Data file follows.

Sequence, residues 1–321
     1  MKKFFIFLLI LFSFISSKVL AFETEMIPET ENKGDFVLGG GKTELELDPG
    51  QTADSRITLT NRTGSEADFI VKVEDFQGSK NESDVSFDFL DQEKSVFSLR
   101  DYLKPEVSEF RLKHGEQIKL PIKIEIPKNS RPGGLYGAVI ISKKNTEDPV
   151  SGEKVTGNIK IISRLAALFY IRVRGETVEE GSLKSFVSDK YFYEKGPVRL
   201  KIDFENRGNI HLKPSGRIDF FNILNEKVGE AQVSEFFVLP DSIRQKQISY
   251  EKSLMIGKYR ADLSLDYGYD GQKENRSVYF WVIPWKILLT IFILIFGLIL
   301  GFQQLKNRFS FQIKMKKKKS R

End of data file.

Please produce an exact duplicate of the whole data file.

Sequence, residues 1–321
     1  MKKFFIFLLI LFSFISSKVL AFETEMIPET ENKGDFVLGG GKTELELDPG
    51  QTADSRITLT NRTGSEADFI VKVEDFQGSK NESDVSFDFL DQEKSVFSLR
   101  DYLKPEVSEF RLKHGEQIKL PIKIEIPKNS RPGGLYGAVI ISKKNTEDPV
   151  SGEKVTGNIK IISRLAALFY IRVRGETVEE GSLKSFVSDK YFYEKGPVRL
   201  KIDFENRGNI HLKPSGRIDF FNILNEKVGE AQVSEFFVLP DSIRQKQISY
   251  EKSLMIGKYR ADLSLDYGYD GQKENRSVYF WVIPWKILLT IFILIFGLIL
   301  GFQQLKNRFS FQIKMKKKKS R